“By the end of my time at Brighton I was playing with my friend Eddie Hayden-Smith, on bass, and Daniella Franks on vocals, and ‘Jammer’ on the Djembe (African drum) player. And that was far easier. We could play more gigs: small acoustic gigs in pubs and we could play bigger venues as well.”
What were you called?
“That was Rachel’s Last Dance. I started using that name about five years ago.”
Deep breath, it’s the biggy. Where does the name come from?
“I was dating three girls called Rachel at the same time. No, it’s OK. They were all non-exclusive relationships – there was nothing scurrilous about it. One of them I was really enamoured of but that kind of fizzled out. But I just thought it was a cool name.”
Are any of the Rachel’s going to read this?
“Actually one of them moved to Bristol, so she might…”
Had you recorded anything by this stage?
“Yeah, mostly stuff I put up on the internet: Myspace, Sound Cloud, Pure Volume. I put it on line really.”
So how come the move to Bristol?
“I was actually in Cardiff last year, I went there to do a teaching qualification and I met some really good people, but before that I met some people in Brighton who said how good Bristol was. I liked Cardiff but I wanted to go somewhere more dynamic.”
Did you play much in Cardiff?
“I did a little bit. At that point Rachel’s Last Dance was me and a Scottish guy whose real name is Paul Johnstone, but he calls himself Rambling Simpleton. We played a few pubs a few times and a bigger venue called Buffalo.”
I can see that wherever you go music is an essential part of your life.
“Oh yes, I’d like it to be even more important. But I’m still looking for the right line-up.”
Could you go solo?
“I’ve tried but my songs need accompaniment to bring them alive. Some songs do work, but I feel you get a bit more power with a bass and another guitar…”
And other musicians in Bristol you rate who I might not have heard of – we’ll take the usual suspects as read.
“Lonely Tourist definitely stands out. Cat Bargwanna, who does vocals with me, she’s an accomplished singer songwriter. She’s Australian and when she went back there she sold a lot of stuff, but as soon as she gets a piano – they cost about a grand for a decent one.”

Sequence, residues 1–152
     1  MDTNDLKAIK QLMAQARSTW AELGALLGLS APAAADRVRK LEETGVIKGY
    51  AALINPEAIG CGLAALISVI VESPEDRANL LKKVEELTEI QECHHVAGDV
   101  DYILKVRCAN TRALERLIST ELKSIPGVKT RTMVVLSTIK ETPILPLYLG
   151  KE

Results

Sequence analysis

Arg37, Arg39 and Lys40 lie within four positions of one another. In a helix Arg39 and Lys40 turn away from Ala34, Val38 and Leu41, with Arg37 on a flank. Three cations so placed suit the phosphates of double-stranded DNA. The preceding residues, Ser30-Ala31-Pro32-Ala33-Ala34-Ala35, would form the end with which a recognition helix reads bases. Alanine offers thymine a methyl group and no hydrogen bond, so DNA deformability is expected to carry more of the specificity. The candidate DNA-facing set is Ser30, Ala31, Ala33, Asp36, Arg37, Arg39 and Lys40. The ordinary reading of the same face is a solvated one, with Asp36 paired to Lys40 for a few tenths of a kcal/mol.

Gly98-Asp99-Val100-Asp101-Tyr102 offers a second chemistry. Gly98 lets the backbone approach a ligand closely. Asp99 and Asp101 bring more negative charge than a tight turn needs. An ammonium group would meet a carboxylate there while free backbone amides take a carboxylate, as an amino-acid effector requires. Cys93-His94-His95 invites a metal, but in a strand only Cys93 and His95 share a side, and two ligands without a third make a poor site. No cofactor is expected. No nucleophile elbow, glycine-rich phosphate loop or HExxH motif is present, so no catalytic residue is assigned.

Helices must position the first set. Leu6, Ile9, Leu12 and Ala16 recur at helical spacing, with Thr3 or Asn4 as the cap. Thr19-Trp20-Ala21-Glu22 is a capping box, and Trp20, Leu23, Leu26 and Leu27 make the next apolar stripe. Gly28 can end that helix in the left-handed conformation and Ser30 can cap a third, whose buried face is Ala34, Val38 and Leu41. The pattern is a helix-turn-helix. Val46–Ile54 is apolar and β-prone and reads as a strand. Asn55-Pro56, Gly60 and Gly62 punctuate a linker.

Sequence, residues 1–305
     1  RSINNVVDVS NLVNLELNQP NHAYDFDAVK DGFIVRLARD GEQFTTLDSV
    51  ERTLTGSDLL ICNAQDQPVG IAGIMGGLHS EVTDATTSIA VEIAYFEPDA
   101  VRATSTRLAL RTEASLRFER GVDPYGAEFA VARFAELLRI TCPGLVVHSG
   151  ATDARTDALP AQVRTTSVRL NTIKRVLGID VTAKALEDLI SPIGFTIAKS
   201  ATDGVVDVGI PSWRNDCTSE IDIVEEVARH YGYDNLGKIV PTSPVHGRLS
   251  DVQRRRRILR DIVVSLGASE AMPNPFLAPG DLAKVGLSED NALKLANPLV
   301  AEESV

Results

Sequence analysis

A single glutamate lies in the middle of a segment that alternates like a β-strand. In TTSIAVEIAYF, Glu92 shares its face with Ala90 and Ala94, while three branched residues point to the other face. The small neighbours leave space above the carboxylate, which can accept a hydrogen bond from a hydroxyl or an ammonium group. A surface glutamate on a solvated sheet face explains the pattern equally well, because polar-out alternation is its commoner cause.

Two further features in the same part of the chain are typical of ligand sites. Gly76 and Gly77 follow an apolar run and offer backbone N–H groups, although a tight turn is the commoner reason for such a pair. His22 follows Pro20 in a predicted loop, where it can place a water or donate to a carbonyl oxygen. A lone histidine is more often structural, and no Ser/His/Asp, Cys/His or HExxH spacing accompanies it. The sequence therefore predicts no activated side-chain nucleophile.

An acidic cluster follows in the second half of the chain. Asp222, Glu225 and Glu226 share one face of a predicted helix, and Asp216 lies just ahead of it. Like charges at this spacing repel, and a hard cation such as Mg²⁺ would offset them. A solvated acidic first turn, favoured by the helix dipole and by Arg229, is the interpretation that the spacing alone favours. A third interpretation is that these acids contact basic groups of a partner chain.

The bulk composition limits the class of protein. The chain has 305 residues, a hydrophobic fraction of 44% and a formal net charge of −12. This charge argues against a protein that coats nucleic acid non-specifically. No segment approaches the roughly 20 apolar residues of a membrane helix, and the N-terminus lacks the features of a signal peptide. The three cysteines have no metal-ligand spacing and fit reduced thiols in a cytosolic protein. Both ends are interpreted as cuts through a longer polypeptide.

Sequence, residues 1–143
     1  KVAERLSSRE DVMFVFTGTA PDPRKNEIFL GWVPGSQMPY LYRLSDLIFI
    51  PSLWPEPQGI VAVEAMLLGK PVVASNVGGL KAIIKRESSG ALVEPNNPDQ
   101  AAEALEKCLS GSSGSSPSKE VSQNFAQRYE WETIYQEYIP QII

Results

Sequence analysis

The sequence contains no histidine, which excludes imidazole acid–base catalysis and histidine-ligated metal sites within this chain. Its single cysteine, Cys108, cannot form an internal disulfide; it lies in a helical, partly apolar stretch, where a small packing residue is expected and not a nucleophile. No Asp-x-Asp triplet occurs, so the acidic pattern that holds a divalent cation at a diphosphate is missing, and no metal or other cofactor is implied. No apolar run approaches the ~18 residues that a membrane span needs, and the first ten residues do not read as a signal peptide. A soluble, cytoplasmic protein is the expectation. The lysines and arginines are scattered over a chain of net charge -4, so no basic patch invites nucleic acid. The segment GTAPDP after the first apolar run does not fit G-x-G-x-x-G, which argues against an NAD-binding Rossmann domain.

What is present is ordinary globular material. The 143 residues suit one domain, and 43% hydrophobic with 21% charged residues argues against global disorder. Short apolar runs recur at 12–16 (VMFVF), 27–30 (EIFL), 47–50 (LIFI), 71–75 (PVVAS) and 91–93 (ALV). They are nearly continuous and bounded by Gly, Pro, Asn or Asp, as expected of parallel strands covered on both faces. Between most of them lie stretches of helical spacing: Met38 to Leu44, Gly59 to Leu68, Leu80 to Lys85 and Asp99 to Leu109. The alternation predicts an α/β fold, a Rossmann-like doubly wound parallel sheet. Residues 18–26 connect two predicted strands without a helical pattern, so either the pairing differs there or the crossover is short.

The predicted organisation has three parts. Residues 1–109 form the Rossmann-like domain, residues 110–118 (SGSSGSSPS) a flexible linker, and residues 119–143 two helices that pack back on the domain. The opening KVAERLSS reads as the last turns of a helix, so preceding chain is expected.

Good gigs? The Stars of course but tell me about some others…
“In Bristol, The Louisiana, the sound there is good and it’s got a lovely little stage. If someone’s going to Brighton the Prince Albert, by the station is good.”
Any bad gigs you’re willing to confess to?
“My worst gig was at a venue in Swansea. Rambling Simpleton had organised it in a sketchy sort of way. It was seedy rock pub that normally had rock covers bands. And we were an acoustic duo, so we played about four songs – we were supposed to do an hour and a half – and they asked us to stop. Not because we weren’t playing our stuff well, but they’d been getting complaints from the rockers.
“But hey, we got paid not to play – not many can say that!”
What’s the line-up at the moment?
“It’s me, Cat Bargwanna on vocals, backing and lead, and Steve Carroll on lead guitar. No bassist as yet. At the moment we’re playing a bit, we did the Louisiana and we’re back at the Seven Stars and Marlow’s Cellar Bar soon.”
So what of the future?
“I want to settle on a line-up, then gig as much as possible around Bristol and, although I’ve been putting stuff up on line a lot, when I’m happy with the line-up I want to take 10 of my best songs and do a CD.”
So what would be the ideal line-up for you in terms of the musical instruments?
“I’m not so worried about percussion, so… Piano, digital piano that is, Cat does play classical piano but she doesn’t have a digital piano at the moment. Then me on guitar, Steve on lead guitar – and a bass player.”
Anyone interested? (You do not necessarily need to be called Rachel.)
Contacts for Alex are:
Facebook: “Rachel’s Last Dance”
And for Cat: